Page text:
K: I see that all the time. Well, when I was 25, I was the size it’s like, okay. But when you were 25, that was 10, 15, 20 years ago when you were a completely different person and so you don’t look the same. You don’t act the same. You don’t think the same. And there’s that expectation? I know, even as a former athlete, like even now, if I go for a run or do a workout, I expect myself to be able to perform the way I did when I was training. I have to remind myself I was 18. I had no kids, no full-time job. Literally my only job was to train as an athlete. So obviously I’m not going to perform the same way now as I did then and even knowing that in the back of my head, it’s still hard to not compare yourself to your best to ever. We need to kind of just that kind of 1% better every day leads to kind of big change over time.

A: and just being more gentle and accepting of ourselves. Like I couldn’t imagine walking up to say my best friend or a family member and being like, you know, at 18 you looked like that. You probably should maybe go back. Like you would never in a million years treat somebody else like that.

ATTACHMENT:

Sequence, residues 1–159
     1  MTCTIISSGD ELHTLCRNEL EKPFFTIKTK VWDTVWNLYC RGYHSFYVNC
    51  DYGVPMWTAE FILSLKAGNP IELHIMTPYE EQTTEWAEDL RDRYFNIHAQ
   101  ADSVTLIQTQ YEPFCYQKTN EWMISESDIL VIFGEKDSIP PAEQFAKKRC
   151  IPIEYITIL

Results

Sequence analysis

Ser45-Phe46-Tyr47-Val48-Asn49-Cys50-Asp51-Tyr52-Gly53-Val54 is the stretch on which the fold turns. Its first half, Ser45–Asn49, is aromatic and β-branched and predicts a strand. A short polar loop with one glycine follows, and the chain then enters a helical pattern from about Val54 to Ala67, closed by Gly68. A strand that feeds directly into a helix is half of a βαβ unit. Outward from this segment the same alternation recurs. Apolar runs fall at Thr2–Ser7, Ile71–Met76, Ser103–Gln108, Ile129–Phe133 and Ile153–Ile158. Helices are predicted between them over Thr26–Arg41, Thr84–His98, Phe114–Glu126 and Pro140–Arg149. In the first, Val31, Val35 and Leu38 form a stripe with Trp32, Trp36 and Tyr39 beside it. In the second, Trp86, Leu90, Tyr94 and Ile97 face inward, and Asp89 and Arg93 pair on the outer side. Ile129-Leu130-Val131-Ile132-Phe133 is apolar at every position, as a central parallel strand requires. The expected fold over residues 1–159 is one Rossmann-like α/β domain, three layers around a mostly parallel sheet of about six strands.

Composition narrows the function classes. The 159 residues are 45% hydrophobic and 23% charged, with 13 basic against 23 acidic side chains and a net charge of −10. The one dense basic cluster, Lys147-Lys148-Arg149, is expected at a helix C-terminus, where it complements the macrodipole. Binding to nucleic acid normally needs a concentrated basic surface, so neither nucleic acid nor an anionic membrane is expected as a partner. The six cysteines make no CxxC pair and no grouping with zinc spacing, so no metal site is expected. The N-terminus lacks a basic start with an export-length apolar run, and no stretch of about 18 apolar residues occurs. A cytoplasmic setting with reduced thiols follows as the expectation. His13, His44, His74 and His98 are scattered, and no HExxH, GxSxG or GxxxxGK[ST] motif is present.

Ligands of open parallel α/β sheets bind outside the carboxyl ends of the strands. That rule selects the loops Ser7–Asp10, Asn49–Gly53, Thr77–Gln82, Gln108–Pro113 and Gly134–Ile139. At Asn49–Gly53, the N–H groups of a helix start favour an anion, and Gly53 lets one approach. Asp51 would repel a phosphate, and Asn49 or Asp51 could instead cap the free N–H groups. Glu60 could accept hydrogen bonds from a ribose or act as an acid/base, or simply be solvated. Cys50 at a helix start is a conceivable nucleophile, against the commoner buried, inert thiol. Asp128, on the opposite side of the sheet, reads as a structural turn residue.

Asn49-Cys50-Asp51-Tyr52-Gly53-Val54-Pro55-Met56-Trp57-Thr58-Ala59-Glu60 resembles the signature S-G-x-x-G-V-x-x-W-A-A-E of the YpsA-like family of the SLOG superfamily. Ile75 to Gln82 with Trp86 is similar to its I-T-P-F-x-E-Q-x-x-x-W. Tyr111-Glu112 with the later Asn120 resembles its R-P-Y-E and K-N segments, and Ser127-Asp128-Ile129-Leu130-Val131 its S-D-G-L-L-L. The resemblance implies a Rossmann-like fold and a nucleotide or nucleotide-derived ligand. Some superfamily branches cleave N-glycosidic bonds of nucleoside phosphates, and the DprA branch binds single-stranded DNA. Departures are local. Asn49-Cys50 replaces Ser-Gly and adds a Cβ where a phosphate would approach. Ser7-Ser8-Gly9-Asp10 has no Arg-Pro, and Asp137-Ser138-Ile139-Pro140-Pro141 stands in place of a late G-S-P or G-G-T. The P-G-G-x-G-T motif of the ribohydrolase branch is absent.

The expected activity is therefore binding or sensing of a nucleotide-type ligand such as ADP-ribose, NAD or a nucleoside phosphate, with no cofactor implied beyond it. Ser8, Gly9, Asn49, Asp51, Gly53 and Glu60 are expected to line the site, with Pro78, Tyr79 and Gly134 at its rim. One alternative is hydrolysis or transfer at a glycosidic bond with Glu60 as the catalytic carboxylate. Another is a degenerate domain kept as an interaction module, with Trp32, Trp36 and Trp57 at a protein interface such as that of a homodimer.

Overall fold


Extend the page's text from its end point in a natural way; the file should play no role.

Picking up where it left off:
K: No, no, you never. We were so much harder on ourselves than we ever would be on someone we love and the voice we hear the most is our own. So it’s not productive to that. All that negative self-talk that we’re so used to and it’s a really hard habit to break. It’s a really, really tough one. I find for me just professionally and personally, I read and listened to a ton of like personal development and, and mindset stuff in terms of books and audio books and podcasts. At first glance, it has nothing to do with fitness or nutrition, but when you kind of dig deeper, it has everything to do with wellness.


A: I would imagine with the worlds being sort of in the pandemic state, that it has been, that more of your coaching and clients is probably done in the online space. Do you have a virtual community or anything that you run currently?